Analysis: Is it worth fixing your home loan?

Analysis: Is it worth fixing your home loan?
Analysis: Is it worth fixing your home loan?

Many economists are tipping the official cash interest rate will stay on hold for several months to come.

Financial market indicators also suggest there are strong expectations of interest rate stability, with a small chance of further cuts.

As late as Thursday 1 May, just days before the latest RBA cash rate announcement, the ASX 30 Day Interbank Cash Rate Futures May 2014 contract (which shows market expectations of an RBA interest rate change) was trading at 97.505. That indicates financial market participants thought there was a 98% chance that interest rates would be left on hold and a 2% chance of a cut to 2.25% at today’s RBA Board meeting.

For mortgage holders, low interest rates are providing opportunities to save considerable sums on their home loans.

Several lenders have cut mortgage rates since the start of this year, while the RBA has left the cash rate untouched at 2.5% since August 2013.

At least seven lenders have cut mortgage rates on their variable loans, according to Finder.com.au. The comparison website found Yellow Brick Road, ANZ, Bank of Queensland, Citibank, Homeloans, HSBC and Westpac had all cut their variable rates since January 1. At the end of April, Loans.com.au was advertising an ongoing variable rate of just 4.49% on its Dream Home Loan, Finder.com.au reported.

However, Finder.com.au money expert Michelle Hutchison says three-year fixed rates are still lower on average than variable rate home loans.

The RBA’s indicator rate for a three-year fixed rate mortgage dropped to 5.2% in March from 5.25% in February, the latest RBA statistics show. The average three-year rate available to consumers is a little lower, at 5.11%, according to Finder.com.au.

History shows lenders typically pre-empt movements in the official cash rate with their fixed rate home loans, so by the time the RBA starts lifting rates, the fixed mortgage rates available to borrowers have already reached their bottom and started to trend higher (See chart).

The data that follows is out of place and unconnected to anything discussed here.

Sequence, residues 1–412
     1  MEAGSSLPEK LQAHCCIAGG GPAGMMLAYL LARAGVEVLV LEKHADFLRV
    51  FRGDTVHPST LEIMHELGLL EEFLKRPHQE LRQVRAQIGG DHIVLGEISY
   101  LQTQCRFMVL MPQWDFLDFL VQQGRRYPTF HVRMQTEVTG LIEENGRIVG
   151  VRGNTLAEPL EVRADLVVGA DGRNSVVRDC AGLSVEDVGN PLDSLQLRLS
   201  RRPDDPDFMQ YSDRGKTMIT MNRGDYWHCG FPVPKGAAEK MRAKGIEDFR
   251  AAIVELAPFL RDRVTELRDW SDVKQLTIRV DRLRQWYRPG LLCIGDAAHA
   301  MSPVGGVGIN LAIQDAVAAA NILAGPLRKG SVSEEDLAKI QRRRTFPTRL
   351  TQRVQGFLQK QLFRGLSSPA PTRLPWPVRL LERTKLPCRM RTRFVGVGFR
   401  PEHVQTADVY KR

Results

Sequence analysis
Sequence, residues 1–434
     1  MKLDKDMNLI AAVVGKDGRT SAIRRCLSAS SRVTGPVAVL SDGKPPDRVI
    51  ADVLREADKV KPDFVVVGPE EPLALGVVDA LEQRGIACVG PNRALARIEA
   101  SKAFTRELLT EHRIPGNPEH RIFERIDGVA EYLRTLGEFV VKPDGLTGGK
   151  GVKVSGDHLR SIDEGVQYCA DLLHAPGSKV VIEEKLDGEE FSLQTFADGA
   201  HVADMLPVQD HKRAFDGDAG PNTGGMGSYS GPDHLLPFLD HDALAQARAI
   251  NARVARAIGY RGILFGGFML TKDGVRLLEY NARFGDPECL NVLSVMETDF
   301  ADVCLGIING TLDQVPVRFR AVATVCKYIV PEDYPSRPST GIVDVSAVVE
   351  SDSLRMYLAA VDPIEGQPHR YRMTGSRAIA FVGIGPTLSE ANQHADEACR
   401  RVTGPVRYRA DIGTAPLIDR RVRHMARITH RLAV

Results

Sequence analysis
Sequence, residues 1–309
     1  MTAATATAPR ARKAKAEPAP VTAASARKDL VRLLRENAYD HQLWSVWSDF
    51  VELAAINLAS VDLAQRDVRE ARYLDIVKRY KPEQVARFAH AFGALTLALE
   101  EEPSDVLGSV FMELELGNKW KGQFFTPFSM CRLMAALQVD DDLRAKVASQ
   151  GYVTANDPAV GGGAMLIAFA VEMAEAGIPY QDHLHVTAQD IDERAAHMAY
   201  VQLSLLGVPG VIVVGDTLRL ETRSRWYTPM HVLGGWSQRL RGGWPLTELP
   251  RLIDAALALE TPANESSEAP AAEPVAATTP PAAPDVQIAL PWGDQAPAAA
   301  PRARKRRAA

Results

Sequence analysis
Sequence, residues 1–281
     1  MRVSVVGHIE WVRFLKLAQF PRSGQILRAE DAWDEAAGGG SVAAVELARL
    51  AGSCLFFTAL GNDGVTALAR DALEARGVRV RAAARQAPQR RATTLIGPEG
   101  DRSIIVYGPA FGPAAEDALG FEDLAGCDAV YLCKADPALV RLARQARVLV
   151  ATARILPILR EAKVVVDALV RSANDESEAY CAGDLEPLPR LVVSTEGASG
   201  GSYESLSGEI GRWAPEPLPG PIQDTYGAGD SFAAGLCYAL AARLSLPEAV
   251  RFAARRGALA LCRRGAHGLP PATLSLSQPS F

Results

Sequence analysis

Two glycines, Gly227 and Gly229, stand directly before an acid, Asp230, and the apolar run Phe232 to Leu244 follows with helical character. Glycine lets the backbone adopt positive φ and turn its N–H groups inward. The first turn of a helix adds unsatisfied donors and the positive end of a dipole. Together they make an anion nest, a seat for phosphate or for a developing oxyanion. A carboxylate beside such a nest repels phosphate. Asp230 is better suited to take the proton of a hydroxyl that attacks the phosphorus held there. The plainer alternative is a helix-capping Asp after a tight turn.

Analysis: Is it worth fixing your home loan? 

Source: RBA

“If you're worried about interest rates rising in the next few years it might be time to consider locking in a fixed rate,” Hutchison says.

Property Observer asked Finder.com.au to crunch the numbers on the cost over the next four years of taking out a fixed rate home loan now, compared with taking out a variable rate loan.

"The average three-year fixed rate is 5.11% while the average variable rate is 5.39%,” Hutchison says. “If variable interest rates increased back to normal levels of around 7% in four years, borrowers could be better off fixing.”

For this example, we assumed that the average variable interest rate available to consumers of 5.39% would remain in place for 12 months. After that time frame, we assumed interest rates would rise by 0.25 basis points every six months for remaining three years.

We compared that variable rate loan to a mortgage with the average three-year fixed rate of 5.11%. At the end of the three years, we assumed the interest rate for the fixed rate mortgage would revert to the same variable rate as the variable loan in the example: so 6.64% after three years, and then lifting to 6.89% for the last six months of the four year period.

Both sets of figures were calculated based on a loan with an initial size of $300,000.

Results

According to Finder.com.au’s sums, the total cost over four years of the variable loan above was $93,246.

The total cost for the three-year fixed loan, reverting to the average variable loan rate at the end of the fixed period, was $88,732.

In this example, the three-year fixed rate loan would cost $4,514 less than the variable rate loan.

Of course, the results will vary if these assumptions on interest rate movements are off the mark.

Plus, there are other considerations when deciding between a fixed and variable rate mortgage, such as the flexibility to make additional repayments with the view of paying off the loan more quickly, which is usually only possible with a variable rate loan.

We’ve also excluded the affect of fees, and have ignored any other features that might be available with one loan but not the other.

In general, if it’s cost alone that you’re looking at, fixing the rate might still make sense. 

Zoe Fielding

Zoe Fielding

I am a freelance journalist and editor with more than 15 years experience specialising in personal finance, property, financial services and financial technology. A skilled writer and researcher, I have extensive experience producing high quality content for corporate and media clients. I am used to working to tight deadlines and tailoring the pieces I produce to suit a variety of audiences and formats.

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Interest Rates Mortgages

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